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Nano Education - Nano Erziehung - Nano Onderwijs
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Nanotechnology – a special case for training?


Europe needs an approach that fosters high-quality scientists and engineers while taking into account interdisciplinarity and innovation along with wider societal issues. This was the clear message from the first EC workshop dedicated to education and research training needs for nanosciences and nanotechnologies.

However, delegates emphasised that the educational issues are not necessarily unique to nanotechnology. Good practice can be found in other areas of research training and the new approaches established for ‘nano-training' should be applicable across other innovative research sectors.

Progress in nanotechnology has been rapid, but there is a major human resources issue looming. Education and training is essential to bring forward a new generation of researchers and other skilled workers with the flexible and interdisciplinary R&D approach that nanotechnology needs. Success in this new technology will underpin progress in a vast swathe of science and enterprise, so good interpersonal skills and an understanding of commerce are also required.

The first day of the workshop saw a number of plenary lectures setting the scene and giving viewpoints from industry, academia and the European Commission. New training ideas and initiatives at national and European level were described including contributions from the US and Japan.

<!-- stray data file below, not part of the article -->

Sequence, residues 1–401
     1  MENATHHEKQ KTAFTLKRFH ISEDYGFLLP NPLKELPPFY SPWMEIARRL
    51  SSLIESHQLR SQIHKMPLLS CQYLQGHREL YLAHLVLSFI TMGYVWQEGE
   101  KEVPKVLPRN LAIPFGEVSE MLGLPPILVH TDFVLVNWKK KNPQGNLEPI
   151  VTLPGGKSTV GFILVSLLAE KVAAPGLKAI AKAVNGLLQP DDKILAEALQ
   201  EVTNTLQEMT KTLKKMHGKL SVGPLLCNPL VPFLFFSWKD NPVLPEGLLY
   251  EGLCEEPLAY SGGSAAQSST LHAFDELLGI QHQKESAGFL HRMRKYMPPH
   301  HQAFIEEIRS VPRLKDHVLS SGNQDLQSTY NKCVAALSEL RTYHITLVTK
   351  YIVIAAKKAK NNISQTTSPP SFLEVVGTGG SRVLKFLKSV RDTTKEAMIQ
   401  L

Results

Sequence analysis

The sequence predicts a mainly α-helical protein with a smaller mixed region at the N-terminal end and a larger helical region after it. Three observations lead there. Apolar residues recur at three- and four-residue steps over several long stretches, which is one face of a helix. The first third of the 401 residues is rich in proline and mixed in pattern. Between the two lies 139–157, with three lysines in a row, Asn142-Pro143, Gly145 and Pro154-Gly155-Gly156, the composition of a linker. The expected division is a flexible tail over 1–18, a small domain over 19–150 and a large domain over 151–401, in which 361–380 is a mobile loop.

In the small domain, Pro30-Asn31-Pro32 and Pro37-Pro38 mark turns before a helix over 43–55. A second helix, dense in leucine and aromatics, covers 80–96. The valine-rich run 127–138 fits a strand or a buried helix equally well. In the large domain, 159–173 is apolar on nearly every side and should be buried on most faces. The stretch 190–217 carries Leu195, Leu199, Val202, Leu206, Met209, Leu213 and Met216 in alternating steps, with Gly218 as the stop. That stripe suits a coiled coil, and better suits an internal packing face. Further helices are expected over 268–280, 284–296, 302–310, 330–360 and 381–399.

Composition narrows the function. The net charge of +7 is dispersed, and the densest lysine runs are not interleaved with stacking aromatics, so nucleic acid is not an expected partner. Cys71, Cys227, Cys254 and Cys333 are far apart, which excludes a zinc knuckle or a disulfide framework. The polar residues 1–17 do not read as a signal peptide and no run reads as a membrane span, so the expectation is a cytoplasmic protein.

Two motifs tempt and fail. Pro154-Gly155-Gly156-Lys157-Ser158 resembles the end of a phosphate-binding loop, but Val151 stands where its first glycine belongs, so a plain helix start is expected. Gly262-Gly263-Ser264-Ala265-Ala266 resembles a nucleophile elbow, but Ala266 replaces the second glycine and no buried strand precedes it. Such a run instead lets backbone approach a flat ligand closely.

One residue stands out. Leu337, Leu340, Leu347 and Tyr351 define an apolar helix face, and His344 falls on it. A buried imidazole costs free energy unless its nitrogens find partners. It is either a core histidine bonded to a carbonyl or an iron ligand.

Keeping up the pace

The second day was devoted to four parallel sessions. Access to analytical facilities is an issue according to Stefan Csillag of Stockholm University, who reported back on the session on the pace of training for research. The availability of infrastructure across the EU is not homogeneous and giving students hands-on experience in expensive characterisation techniques is important. A broad cross-disciplinary education with a sharp focus on appropriate key skills was a model that seemed to be emerging as a practical approach with the emphasis on obtaining high quality researchers. Professor Csillag also highlighted the need to help the mobility of students from western to eastern Europe, which requires funding to motivate students and to establish attractive Centres of Excellence.